A lot of jobs require the presence of the worker: hard to imagine short- order cooks or cab drivers telecommuting given the current state of modem technology. But other jobs like writing, or making graphics for websites or programming or all kinds of office tasks, can happen most anywhere. These are information workers, and they now make up two-thirds of the American workforce.

In fact, when you think about it, there's no real reason for a lot of people to do what they do in the office. Many large Californian corporations have moved so-called back-office functions to less expensive states, where salaries and buildings are cheaper. Which makes me wonder why they didn't drop with the buildings all together and move the jobs into the homes of willing workers.

One reason, of course, is managers. Managers don't have a job unless they have people to boss around. But the nature of a lot of jobs is that it's easy to tell if they've been done, and they may get done better without a micro-manager breathing down the worker's neck.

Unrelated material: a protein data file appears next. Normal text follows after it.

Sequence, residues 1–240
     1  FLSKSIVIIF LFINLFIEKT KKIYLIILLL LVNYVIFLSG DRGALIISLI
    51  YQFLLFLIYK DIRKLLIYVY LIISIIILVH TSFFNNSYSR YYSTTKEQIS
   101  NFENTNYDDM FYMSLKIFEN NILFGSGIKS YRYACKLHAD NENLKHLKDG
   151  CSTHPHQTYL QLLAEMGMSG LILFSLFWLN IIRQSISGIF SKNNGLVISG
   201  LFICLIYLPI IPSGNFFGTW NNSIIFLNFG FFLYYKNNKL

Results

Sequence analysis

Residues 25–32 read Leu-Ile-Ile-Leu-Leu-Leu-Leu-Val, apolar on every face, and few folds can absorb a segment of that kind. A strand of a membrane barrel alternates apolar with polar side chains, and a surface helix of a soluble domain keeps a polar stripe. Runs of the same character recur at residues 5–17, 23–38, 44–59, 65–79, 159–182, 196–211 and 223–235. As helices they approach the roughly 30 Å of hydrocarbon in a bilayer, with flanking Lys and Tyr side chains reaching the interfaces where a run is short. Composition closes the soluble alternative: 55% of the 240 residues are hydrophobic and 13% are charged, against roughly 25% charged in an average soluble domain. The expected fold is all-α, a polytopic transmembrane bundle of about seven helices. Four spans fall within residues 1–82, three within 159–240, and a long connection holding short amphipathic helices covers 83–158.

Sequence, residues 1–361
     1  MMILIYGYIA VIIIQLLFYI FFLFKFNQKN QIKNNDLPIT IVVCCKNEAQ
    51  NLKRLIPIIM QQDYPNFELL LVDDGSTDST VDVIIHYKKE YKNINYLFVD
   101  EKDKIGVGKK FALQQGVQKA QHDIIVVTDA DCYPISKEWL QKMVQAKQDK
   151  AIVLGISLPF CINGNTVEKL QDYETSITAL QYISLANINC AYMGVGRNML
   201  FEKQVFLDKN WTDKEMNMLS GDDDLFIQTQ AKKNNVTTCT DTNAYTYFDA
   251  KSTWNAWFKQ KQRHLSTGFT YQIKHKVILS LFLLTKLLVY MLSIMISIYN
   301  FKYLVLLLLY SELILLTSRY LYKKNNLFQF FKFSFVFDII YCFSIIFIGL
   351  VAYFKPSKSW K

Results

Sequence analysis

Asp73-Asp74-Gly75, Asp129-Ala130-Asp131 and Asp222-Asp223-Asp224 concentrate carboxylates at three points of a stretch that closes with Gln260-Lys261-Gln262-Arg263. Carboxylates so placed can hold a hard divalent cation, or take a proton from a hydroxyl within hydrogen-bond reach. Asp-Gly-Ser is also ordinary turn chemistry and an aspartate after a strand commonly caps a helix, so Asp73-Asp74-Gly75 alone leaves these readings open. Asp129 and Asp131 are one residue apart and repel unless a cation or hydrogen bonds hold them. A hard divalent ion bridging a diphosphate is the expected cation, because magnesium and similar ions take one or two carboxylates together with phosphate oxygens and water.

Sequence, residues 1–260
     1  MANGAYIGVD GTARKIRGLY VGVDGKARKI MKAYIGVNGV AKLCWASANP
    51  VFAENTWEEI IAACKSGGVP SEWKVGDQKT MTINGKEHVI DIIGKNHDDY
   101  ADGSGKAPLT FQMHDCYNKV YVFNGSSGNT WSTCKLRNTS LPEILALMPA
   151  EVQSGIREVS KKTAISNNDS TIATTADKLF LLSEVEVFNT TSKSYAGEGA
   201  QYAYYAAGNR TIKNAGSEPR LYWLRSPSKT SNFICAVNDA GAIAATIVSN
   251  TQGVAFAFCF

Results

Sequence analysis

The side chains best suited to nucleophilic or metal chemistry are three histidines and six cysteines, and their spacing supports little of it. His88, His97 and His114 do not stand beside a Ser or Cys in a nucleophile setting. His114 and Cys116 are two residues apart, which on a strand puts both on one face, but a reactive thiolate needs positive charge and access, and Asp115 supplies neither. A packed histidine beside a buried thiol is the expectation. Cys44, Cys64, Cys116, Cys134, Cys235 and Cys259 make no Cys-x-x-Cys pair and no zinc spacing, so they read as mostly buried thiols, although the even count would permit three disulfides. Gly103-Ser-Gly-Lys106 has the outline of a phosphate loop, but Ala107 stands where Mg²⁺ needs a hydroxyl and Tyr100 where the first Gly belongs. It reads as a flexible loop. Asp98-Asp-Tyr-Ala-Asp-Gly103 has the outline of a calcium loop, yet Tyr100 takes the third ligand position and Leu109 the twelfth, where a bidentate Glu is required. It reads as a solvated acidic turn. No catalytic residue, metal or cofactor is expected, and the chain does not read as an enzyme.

Take this column. It'll be bad wherever I write it, but the expert editors at The Independent can resuscitate sense, syntax, proper British spelling and deep meaning from the incoming string of ASCII characters, regardless of where I sat as I pounded it out. I can work when it's convenient for me (currently it's 4:11am in London), and they can edit it when it's convenient for them (probably not at 4:11am).

They can always find me by e-mail or mobile phone to answer questions ("Just what are you implying by this Mickey-Madonna thing, anyway?"), and the arrangement saves The Independent's owners from paying the bill to provide a desk, a computer, heat, light and a secure, ergonomic, stress- free environment for me to work in.